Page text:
How to Do What You Love January 2006 To do something well you have to like it. That idea is not exactly novel. We've got it down to four words: "Do what you love." But it's not enough just to tell people that. Doing what you love is complicated. FREE Interactive Learning OpenCourseware from MIT, UC Berkeley, Harvard, Yale, Stanford, U Houston, USC, UCLA, Khan Academy, NPTEL General description: Language may refer either to the specifically human capacity for acquiring and using complex systems of communication, or to a specific instance of such a system of complex communication. The scientific study of language in any of its senses is called linguistics. The approximately 3,000–6,000 languages that are spoken by humans today are the most salient examples, but natural languages can also be based on visual rather than auditory stimuli, for example in sign languages and written language.
On Self-Promotion You are a shameless self promoter!” he said. I can’t speak to the “shame” part, but for the rest: guilty as charged. Networked Knowledge and Combinatorial Creativity by Maria Popova Why creativity is like LEGO, or what Richard Dawkins has to do with Susan Sontag and Gandhi. In May, I had the pleasure of speaking at the wonderful Creative Mornings free lecture series masterminded by my studiomate Tina of Swiss Miss fame. I spoke about Networked Knowledge and Combinatorial Creativity, something at the heart of Brain Pickings and of increasing importance as we face our present information reality. The talk is now available online — full (approximate) transcript below, enhanced with images and links to all materials referenced in the talk.
7 Ways Noise Affects Your Health We are surrounded by sound. From coworker chit-chat to the sounds of traffic outside to that tinny trace of music coming from a co-commuter’s earbuds, we often don’t consider the noise that makes up our daily environments. But the truth is that the distant jackhammers, incessant elevator bells and even the whistling and humming of the people around us can have a real effect on our health and wellness. As pioneering noise researcher and environmental psychologist Arline Bronzaft, Ph.D., of the City University of New York has said, noise is in the ear of the beholder. “While the ear picks up the sound waves and sends it to the temporal lobe for interpretation, it’s the higher senses of the brain that determine whether that sound is unwanted, unpleasant or disturbing.” Read on to learn more about how noise affects your well-being.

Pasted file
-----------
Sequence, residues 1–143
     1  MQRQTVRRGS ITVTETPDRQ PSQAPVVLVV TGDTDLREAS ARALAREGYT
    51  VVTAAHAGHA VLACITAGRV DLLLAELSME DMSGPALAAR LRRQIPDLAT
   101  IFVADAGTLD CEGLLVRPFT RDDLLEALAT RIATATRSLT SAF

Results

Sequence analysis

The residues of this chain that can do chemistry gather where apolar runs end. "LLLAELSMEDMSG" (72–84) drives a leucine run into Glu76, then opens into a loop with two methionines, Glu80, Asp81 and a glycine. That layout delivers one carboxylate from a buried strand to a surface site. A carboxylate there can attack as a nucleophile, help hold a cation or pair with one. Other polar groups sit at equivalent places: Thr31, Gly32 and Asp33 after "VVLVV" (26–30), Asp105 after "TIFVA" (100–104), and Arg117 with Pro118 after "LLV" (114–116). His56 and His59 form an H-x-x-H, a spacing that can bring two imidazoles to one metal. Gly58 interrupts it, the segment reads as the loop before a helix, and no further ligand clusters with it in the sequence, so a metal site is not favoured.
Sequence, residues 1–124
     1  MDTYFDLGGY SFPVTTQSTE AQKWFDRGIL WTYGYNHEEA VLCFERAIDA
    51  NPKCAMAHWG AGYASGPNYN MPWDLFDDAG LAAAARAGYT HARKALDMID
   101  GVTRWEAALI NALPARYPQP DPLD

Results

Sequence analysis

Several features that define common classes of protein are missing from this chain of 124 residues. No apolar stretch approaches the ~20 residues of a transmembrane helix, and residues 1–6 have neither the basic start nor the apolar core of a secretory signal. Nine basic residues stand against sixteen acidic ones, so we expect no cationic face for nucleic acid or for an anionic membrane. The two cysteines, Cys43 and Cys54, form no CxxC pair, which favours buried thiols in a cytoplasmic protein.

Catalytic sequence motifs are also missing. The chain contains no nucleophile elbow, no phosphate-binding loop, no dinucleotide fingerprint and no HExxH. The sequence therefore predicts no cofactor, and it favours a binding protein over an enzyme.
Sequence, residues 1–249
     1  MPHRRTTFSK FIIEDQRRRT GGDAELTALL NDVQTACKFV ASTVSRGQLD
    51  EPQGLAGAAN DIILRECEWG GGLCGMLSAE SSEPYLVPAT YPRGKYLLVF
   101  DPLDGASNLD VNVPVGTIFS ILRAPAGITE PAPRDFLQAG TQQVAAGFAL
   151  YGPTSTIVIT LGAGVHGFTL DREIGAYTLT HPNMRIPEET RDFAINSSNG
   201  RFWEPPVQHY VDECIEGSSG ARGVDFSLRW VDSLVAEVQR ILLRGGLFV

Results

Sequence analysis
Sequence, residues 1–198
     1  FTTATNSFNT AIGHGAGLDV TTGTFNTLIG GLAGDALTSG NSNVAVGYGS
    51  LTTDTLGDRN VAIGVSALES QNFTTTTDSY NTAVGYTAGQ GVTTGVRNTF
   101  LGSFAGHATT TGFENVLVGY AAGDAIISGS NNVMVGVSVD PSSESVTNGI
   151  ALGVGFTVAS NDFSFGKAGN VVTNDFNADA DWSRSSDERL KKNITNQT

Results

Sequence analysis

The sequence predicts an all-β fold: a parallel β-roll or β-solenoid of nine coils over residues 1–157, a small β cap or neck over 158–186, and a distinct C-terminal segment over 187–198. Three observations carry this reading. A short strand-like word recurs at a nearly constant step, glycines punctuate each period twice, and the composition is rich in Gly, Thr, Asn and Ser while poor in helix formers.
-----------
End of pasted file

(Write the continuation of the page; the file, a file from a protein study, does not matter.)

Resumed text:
Hard Things You Need To Do To Be Successful You have to make the call you’re afraid to make. You have to get up earlier than you want to get up. You have to give more than you get in return right away. You have to care more about others than they care about you. You have to fight when you are already injured, bloody, and sore. Scholars’ rude awakenings Does bitchiness serve any useful scholarly purpose? Source: Paul Bateman In the German context, a question is either an attempt to present one’s own view or an attack meant to question the authority of the speaker It seems to me”, says Clive Bloom, emeritus professor of English and American studies at Middlesex University, “that academics are the rudest people on earth.” Bloom’s first book, The Occult Experience and the New Criticism (1986), was greeted with a review claiming that it “mentions every orifice except the arsehole from whence [it] emerged”. Such “bitchiness”, he believes, comes from many reviewers thinking to themselves: “I wanted to write the book I’m reviewing” or “I’m the expert (but no one has noticed).”